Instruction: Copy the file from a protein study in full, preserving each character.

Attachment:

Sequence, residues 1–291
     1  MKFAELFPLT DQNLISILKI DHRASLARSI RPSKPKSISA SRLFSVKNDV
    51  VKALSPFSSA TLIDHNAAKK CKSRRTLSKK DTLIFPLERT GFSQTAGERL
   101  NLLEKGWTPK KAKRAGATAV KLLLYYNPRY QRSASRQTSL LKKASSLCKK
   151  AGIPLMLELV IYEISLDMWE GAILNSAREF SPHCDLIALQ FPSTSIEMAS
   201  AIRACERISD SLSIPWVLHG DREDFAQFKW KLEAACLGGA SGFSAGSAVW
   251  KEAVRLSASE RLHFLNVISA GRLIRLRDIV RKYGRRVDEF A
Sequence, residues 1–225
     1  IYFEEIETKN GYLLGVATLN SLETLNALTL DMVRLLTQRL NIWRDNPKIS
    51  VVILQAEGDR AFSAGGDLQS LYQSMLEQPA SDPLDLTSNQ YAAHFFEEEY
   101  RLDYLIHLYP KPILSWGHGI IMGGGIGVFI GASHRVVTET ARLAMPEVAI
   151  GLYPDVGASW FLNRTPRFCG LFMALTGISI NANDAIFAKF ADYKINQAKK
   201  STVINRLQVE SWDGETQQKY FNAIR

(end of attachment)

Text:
Sequence, residues 1–291
     1  MKFAELFPLT DQNLISILKI DHRASLARSI RPSKPKSISA SRLFSVKNDV
    51  VKALSPFSSA TLIDHNAAKK CKSRRTLSKK DTLIFPLERT GFSQTAGERL
   101  NLLEKGWTPK KAKRAGATAV KLLLYYNPRY QRSASRQTSL LKKASSLCKK
   151  AGIPLMLELV IYEISLDMWE GAILNSAREF SPHCDLIALQ FPSTSIEMAS
   201  AIRACERISD SLSIPWVLHG DREDFAQFKW KLEAACLGGA SGFSAGSAVW
   251  KEAVRLSASE RLHFLNVISA GRLIRLRDIV RKYGRRVDEF A
Sequence, residues 1–225
     1  IYFEEIETKN GYLLGVATLN SLETLNALTL DMVRLLTQRL NIWRDNPKIS
    51  VVILQAEGDR AFSAGGDLQS LYQSMLEQPA SDPLDLTSNQ YAAHFFEEEY
   101  RLDYLIHLYP KPILSWGHGI IMGGGIGVFI GASHRVVTET ARLAMPEVAI
   151  GLYPDVGASW FLNRTPRFCG LFMALTGISI NANDAIFAKF ADYKINQAKK
   201  STVINRLQVE SWDGETQQKY FNAIR